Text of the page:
Electric                                                      Natural Gas
      Cape Light Compact                                           Bay State Gas Company
      Fitchburg Gas & Electric (Unitil)                            The Berkshire Gas Company
      National Grid                                                Blackstone Gas Company
      NSTAR                                                        Fitchburg Gas & Electric
      Western Massachusetts Electric (WMECO)                       National Grid (gas)
                                                                   New England Gas Company
                                                                   NSTAR Gas Company

Energy Efficiency for Buildings
ENERGY STAR is a joint program of the U.S. Environmental Protection Agency and the U.S. Department of
Energy helping businesses to save money and protect the environment through energy efficient products and
practices. ENERGY STAR offers a proven energy management strategy that helps in measuring current energy
performance setting goals, tracking savings and rewarding improvements. EPA has an energy performance tool
where an operator can enter energy information from the building and the tool will calculate the efficiency of
that building. More information on ENERGY STAR is available on the program website at: http://
www.energystar.gov. OTA’s fact sheet “Energy Saving Tips for Industrial and Commercial Buildings” also
provides useful guidance.

Other Resources
      Alliance to Save Energy
      American Council for an Energy Efficient Economy (ACEEE)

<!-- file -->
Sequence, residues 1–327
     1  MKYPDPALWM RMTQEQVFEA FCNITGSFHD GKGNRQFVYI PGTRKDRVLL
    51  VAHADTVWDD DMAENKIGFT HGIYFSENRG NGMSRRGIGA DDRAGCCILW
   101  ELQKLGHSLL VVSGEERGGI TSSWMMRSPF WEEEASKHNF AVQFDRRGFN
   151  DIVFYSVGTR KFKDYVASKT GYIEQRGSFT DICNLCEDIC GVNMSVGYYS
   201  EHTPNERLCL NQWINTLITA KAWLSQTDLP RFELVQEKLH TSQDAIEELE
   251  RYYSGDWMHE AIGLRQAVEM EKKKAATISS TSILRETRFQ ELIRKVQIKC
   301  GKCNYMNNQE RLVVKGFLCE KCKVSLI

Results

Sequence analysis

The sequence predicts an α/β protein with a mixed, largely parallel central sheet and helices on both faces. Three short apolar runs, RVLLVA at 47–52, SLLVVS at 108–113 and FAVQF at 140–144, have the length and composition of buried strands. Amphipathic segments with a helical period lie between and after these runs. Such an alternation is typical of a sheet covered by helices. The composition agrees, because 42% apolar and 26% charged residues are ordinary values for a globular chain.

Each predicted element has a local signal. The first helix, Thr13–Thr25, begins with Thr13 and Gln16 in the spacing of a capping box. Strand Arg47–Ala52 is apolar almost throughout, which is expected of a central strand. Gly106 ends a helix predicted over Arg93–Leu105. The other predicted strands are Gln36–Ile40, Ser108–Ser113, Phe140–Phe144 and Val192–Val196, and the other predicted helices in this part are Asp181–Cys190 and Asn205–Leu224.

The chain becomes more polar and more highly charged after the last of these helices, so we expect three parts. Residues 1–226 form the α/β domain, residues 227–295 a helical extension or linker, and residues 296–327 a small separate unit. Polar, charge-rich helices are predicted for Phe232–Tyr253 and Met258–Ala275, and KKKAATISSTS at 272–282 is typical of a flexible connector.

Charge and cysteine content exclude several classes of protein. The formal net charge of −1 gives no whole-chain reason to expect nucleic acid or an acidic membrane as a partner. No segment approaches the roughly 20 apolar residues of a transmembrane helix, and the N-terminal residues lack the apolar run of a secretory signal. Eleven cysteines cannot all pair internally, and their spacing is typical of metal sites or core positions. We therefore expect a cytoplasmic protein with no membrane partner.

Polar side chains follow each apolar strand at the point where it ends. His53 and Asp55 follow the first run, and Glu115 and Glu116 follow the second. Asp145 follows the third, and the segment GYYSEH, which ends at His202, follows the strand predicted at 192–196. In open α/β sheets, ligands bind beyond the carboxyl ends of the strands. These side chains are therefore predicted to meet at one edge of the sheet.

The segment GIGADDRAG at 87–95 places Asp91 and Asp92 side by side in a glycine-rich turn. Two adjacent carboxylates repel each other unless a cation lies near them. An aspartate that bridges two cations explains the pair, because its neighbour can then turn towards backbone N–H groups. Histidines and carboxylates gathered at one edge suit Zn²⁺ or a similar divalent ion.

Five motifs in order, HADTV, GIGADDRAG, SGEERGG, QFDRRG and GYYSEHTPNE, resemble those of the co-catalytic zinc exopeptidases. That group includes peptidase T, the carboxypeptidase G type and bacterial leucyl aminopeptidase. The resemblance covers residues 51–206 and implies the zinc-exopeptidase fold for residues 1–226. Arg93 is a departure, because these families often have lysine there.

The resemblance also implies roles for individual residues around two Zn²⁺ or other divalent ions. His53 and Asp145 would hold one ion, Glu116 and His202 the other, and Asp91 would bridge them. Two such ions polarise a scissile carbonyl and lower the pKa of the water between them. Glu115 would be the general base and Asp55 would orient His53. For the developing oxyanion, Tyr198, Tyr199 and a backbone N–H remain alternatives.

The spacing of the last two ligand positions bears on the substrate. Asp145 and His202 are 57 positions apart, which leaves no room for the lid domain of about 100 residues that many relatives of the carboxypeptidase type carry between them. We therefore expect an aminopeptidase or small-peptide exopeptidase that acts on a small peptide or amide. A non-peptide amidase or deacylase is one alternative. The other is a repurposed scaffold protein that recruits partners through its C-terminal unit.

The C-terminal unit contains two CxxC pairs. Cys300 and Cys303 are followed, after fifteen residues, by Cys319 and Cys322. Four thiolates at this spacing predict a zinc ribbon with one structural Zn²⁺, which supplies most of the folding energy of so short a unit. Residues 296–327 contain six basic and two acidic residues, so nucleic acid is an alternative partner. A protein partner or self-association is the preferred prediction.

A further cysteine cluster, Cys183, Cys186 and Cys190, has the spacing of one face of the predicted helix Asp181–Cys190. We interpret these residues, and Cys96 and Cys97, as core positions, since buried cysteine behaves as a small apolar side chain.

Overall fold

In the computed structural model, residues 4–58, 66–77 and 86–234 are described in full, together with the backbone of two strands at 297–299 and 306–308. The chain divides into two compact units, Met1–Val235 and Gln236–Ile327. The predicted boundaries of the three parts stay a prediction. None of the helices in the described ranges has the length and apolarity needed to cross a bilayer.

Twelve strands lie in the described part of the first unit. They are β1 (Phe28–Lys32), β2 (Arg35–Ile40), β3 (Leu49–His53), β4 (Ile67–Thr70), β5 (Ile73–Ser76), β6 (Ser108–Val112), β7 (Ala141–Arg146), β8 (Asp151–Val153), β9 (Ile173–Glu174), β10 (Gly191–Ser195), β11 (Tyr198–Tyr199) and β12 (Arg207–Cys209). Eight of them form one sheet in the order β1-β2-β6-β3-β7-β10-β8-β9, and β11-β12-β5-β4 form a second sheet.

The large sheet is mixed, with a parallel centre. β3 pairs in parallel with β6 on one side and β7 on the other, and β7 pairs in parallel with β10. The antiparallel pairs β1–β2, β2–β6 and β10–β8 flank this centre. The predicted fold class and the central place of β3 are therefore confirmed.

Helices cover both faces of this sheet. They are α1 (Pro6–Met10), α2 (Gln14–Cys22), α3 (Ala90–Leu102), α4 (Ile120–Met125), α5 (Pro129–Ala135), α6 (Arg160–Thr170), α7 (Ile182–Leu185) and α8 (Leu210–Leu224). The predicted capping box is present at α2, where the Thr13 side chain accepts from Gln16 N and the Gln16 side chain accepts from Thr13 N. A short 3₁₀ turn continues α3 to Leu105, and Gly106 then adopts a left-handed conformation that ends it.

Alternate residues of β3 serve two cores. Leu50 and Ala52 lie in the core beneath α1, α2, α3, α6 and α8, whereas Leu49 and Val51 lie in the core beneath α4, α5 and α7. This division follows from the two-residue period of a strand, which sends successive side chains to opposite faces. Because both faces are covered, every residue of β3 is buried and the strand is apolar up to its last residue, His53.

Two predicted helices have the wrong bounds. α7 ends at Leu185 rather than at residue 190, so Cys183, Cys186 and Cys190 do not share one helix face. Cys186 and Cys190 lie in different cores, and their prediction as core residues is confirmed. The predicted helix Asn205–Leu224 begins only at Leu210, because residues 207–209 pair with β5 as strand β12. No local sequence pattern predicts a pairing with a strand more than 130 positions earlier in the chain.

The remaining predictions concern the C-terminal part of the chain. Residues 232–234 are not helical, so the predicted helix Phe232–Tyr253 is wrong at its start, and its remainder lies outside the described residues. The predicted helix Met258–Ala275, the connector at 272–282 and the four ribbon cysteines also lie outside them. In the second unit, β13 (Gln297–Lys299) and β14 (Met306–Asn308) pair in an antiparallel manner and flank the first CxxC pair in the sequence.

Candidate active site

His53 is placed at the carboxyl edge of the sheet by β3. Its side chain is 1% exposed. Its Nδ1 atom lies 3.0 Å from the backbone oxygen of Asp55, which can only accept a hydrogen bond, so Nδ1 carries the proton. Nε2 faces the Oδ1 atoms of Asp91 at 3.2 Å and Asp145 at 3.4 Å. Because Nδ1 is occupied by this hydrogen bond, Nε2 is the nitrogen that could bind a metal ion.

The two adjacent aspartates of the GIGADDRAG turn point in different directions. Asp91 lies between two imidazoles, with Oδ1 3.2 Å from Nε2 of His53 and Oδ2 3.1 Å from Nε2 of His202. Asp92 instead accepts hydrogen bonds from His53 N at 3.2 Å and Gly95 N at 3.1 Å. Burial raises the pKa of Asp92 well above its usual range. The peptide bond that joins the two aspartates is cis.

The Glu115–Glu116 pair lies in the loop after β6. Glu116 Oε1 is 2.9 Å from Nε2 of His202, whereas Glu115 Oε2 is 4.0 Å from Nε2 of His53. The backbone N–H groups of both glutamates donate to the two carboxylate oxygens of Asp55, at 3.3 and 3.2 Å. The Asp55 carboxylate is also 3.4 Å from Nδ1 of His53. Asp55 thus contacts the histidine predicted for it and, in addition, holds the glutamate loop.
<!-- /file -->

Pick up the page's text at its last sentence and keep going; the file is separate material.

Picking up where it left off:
Best Practices Benchmarking for Energy Efficiency Programs
      Consortium for Energy Efficiency
      Energy Foundation
      Gas Networks
      Northeast Energy Efficiency Council
      Northeast Energy Efficiency Partnerships

Relevant Publications
1. Rutgers Self-Assessment Workbook for Small Manufacturers –http://iac.rutgers.edu/technicaldocs.php
2. Wulfinghoff, Donald R., Energy Efficiency Manual, Energy Institute Press, 1999.
3. Mull, Thomas E., Practical Guide to Energy Management for Facilities Engineers and Plant
   Managers, ASME Press, 2001.

The Office of Technical Assistance and Technology (OTA) has developed a series of fact sheets on Resource Conservation
practices and issues. To see the other fact sheets please visit: http://www.mass.gov/eea/ota. OTA is a non-regulatory office
within the Executive Office of Energy and Environmental Affairs (EEA) that provides a range of non-regulatory assistance
services to help businesses cut costs, improve chemical use and energy efficiency, and reduce environmental impact in
Massachusetts. For further information about energy efficiency and renewable energy, or about OTA’s technical assistance
services, contact:

           Office of Technical Assistance and Technology, 100 Cambridge St., Suite 900, Boston, MA 02114
                Phone: (617) 626-1060 Fax: (617) 626-1095 Website: http://www.mass.gov/eea/ota